Overtreatment for breast cancer has been in the news a lot lately.  There is a lot of evidence that people are getting treatments that don’t help them.  But less well known is the idea that some of the treatments actually make cancer worse.  Surgery, chemotherapy, and radiation can all spread cancer as a side effect.  I only found this out after my treatment was over, and I would likely have made different choices if I had known the facts.  This article will focus on the ways that surgery can cause cancer to spread, using my own surgery as an example.

Before I had the surgery in 2011, my tumor markers1 were completely normal even though the biopsy showed cancer. After the surgery, they went way up. Since that time, they have fluctuated, but they have never returned to normal for more than a brief time. Something caused them to rise.

Medical opinion about the value of tumor markers seems to vary. Some of my doctors believe that my tumor markers are one indication that I have cancer in my body that is too small to show up on scans, and that means that I am at high risk of metastasis. Others say that tumor markers that fluctuate above normal don’t necessarily mean anything; there are a variety of inflammatory and other non-cancerous conditions that could explain the unstable tumor markers. However, when my tumor markers did not go down in the expected time after surgery, my medical oncologist was worried enough to order extra scans to look for metastasis, which, fortunately, they did not find. The markers were expected to return to normal before I started chemotherapy. When that didn’t happen, it was hoped that the chemo would cause them to return to normal, but that didn’t happen either.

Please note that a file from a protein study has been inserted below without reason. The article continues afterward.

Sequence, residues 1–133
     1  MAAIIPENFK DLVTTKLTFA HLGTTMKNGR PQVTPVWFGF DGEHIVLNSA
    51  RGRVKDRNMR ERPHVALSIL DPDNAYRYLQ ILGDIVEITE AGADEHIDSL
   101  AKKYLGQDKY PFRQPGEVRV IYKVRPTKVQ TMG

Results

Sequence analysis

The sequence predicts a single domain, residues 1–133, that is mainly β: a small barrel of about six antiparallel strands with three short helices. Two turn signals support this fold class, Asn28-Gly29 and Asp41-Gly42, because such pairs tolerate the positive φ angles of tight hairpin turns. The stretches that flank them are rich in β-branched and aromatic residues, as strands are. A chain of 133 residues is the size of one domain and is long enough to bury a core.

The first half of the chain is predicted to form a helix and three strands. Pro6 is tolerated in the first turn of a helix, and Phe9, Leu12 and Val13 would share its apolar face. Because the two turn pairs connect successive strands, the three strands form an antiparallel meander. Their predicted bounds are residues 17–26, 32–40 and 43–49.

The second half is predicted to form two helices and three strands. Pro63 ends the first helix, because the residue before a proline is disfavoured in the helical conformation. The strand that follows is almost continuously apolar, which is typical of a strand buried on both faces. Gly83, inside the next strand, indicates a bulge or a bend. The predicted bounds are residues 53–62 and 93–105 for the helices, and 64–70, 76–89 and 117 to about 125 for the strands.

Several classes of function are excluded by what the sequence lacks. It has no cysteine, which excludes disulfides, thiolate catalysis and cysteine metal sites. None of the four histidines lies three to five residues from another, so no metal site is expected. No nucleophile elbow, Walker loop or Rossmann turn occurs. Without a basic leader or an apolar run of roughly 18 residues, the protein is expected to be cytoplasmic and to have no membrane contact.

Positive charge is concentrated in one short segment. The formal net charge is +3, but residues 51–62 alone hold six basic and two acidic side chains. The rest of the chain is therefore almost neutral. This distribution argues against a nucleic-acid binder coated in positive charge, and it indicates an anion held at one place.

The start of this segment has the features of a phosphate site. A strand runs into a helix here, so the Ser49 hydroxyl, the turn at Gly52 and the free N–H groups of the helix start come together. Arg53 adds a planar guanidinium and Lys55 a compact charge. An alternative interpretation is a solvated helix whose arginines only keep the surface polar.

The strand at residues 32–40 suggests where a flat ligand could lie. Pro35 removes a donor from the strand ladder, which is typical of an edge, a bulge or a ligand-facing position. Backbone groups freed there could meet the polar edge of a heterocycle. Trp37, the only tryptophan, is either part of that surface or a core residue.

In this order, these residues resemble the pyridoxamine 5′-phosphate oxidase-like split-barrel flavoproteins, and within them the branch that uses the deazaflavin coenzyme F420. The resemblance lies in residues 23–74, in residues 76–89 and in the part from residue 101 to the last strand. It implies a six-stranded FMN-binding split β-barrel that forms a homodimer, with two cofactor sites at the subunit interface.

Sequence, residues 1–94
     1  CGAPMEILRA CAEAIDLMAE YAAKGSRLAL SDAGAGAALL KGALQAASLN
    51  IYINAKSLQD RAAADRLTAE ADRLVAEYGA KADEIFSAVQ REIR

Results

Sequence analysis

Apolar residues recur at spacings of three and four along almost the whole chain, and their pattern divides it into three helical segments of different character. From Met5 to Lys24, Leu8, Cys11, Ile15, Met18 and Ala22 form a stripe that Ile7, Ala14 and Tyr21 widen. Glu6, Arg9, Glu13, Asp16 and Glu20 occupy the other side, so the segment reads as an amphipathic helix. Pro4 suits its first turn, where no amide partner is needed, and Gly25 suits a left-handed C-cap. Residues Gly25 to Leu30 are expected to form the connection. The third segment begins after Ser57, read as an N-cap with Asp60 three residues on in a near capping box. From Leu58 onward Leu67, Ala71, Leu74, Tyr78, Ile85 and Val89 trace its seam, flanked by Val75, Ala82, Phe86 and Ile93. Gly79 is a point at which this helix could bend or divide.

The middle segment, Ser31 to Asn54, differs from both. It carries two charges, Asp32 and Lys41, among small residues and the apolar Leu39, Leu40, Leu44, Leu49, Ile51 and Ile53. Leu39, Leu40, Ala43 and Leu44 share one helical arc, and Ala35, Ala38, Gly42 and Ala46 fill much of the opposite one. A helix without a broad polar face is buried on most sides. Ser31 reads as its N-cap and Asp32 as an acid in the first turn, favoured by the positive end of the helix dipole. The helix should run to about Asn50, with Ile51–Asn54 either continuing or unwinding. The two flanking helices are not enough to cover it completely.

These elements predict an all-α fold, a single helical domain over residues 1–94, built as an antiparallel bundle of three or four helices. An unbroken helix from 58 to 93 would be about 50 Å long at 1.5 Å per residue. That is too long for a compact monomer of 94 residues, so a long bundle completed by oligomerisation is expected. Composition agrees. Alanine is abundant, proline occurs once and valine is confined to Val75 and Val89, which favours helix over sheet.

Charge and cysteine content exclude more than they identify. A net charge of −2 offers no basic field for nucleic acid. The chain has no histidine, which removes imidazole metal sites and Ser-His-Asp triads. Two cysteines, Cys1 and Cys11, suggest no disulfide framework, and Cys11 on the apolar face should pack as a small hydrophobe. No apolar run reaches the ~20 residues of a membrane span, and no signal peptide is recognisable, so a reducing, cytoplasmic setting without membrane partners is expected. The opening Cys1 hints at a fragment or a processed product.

I wondered if my surgery had caused the tumor markers to rise.  I looked on the Internet and found many sites that say that surgical removal of cancerous tissue (and even biopsies) can cause the cancer to spread. Since it is generally accepted in cancer research that about 90% of patients die from metastases or secondary tumors, and only a small minority die from a primary tumor, this information should of great interest to doctors as well as patients.

It seems that surgery can cause cancer to spread in two ways.  The first way is from biopsy needles and surgical knives that can pick up cancer cells from one location and transport them to another, non-cancerous, one.2  That this happens is not disputed; what is disputed is how often it happens.  The second way is more controversial, and more research is needed to bring greater clarity.  It was found that the prevailing belief that tumors grow at a continuous rate is wrong. Researchers found instead that tumors can remain dormant for long periods, depending on factors in both the tumor and the patient.  During the dormancy, the blood vessels that tumors need to supply them with oxygen and nutrients to feed the cancer, do not grow.  However, the act of wounding the patient during surgery sets off the growth of blood vessels as part of the healing process, and that kick-starts the growth of the cancer.3